Ghana making a noise in world football
‘Preparation is key.’ That is what they say. How a team approaches a game is almost as important as how it functions once the first whistle is blown. So much emphasis is placed on preparation in the modern game, but for Ghana, the hours prior to kick-off are crucial. Had it not been for Asamoah Gyan’s vibrant entrance to Wembley, many would have quite easily forgotten there was a match to be played. Everything focused around the cost of attending the friendly, the absence of England’s players that are involved in the latter stages of the Champions League and yet more discussion over who was to wear the armband for the home side. The credentials of a team that reached the quarter-finals of the World Cup were discarded, that was until Gyan equalised in second-half injury time.
For Gyan, the approach to matches helps Ghana retain its identity. The Sunderland forward has even implemented singing and dancing into the dressing room at the Stadium of Light but he feels it is vital with the national team; where he is the centre of attention. He said: “In camp, we joke, we laugh and we sing and dance and pray every night. That gives us strength and belief in what we’re doing. We love each other, we respect each other and we motivate any of the young players that are in the team.”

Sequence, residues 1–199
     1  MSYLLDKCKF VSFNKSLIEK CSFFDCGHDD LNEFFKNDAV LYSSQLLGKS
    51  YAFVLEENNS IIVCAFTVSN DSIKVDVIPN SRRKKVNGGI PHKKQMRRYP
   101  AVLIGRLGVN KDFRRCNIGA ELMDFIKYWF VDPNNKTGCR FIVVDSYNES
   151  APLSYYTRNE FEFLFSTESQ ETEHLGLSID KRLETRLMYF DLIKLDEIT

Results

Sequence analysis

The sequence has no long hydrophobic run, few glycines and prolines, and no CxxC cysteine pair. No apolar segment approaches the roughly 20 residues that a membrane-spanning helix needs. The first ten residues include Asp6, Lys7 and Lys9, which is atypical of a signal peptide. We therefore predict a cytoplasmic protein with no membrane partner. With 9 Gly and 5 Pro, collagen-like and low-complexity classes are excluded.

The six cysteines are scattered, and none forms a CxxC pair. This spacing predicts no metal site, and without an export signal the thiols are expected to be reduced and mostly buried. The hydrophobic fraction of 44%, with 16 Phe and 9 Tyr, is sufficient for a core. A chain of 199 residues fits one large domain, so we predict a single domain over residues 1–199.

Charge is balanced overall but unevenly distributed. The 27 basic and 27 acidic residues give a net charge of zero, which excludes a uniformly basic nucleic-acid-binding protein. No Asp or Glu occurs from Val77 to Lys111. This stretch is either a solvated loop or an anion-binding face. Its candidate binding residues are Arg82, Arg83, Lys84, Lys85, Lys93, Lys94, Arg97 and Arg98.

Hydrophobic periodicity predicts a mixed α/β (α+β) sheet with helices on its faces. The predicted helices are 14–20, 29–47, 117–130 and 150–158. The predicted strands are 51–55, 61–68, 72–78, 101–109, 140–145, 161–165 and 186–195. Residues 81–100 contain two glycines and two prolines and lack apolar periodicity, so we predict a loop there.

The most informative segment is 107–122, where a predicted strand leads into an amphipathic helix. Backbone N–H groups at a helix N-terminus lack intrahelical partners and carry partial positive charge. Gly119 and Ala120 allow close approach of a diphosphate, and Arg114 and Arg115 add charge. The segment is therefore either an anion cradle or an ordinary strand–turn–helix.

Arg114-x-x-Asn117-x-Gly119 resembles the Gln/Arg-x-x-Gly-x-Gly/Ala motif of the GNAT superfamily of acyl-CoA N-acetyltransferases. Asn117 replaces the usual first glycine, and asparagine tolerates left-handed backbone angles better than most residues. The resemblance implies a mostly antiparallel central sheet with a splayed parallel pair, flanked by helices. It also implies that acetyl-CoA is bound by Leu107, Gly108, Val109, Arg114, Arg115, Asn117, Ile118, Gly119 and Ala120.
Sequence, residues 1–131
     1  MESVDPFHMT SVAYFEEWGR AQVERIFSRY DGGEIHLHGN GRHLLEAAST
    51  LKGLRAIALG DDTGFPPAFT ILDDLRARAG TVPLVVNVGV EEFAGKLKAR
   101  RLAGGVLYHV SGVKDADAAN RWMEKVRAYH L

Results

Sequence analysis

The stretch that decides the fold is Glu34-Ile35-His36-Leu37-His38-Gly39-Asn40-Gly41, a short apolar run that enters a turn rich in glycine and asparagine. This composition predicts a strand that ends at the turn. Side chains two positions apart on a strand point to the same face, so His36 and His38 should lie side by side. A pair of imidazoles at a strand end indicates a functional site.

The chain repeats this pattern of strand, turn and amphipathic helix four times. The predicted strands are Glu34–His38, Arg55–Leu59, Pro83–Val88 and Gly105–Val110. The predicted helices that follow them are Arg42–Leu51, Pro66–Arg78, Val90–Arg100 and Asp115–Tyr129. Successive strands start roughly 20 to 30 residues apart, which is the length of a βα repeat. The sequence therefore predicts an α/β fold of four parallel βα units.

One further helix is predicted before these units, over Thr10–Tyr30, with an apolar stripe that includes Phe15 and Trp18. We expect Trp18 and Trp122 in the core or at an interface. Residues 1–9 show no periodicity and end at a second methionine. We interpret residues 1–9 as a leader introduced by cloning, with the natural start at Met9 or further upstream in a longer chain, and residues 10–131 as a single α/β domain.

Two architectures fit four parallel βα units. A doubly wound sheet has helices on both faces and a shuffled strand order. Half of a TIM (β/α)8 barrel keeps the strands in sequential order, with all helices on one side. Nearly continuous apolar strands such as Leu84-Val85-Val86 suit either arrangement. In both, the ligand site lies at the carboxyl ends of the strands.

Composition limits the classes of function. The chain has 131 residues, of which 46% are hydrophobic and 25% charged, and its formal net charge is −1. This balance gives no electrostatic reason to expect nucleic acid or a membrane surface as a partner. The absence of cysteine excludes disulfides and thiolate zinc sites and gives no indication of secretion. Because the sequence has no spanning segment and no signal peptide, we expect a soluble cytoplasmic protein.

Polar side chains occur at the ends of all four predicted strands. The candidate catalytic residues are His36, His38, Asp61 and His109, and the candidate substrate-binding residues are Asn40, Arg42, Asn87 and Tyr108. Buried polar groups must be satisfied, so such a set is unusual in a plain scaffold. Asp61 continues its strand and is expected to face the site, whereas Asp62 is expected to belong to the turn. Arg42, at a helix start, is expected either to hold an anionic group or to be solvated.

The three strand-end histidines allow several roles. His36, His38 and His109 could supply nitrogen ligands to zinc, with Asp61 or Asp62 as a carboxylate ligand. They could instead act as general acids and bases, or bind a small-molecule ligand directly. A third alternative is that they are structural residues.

Despite the atmosphere within the Ghanaian setup it does not live without friction. Both Sulley Muntari and Stephen Appiah have had differences with past coaches that led to them being exiled from the squad at some point. It seems, however, that those days are behind Ghana. Muntari has made amends and scored in the Black Stars’ 3-0 African Cup of Nations qualifying win over Congo, and Michael Essien looks set to return to international football in the near future after two serious injuries. In Essien’s absence, even during Muntari’s stand-off with former coach Milovan Rajevac, Ghana have produced players in the form of Anthony Annan and Kwadwo Asamoah that have compensated the loss of the country’s most influential midfielders.
The fear with the African nations is whether any improvement can be sustained yet Ghana are the current Under 20 World Champions – beating Brazil in a penalty shoot-out – and the team that started at Wembley contained five players aged 22 or less. With many of its players scattered across the top leagues in Europe it provides Ghana with the resources to continue its emergence as an established country in the football world. Perhaps Ghana has good reason to sing and dance, after all.